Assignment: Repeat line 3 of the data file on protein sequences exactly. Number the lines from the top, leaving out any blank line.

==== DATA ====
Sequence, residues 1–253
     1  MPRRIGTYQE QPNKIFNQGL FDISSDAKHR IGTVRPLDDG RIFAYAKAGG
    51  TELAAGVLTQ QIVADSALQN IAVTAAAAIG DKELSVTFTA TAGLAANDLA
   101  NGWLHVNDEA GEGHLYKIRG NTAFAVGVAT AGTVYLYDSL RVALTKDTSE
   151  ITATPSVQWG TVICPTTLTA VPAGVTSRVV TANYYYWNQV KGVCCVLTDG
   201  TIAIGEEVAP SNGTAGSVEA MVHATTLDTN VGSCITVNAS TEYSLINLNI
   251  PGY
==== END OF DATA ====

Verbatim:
    51  TELAAGVLTQ QIVADSALQN IAVTAAAAIG DKELSVTFTA TAGLAANDLA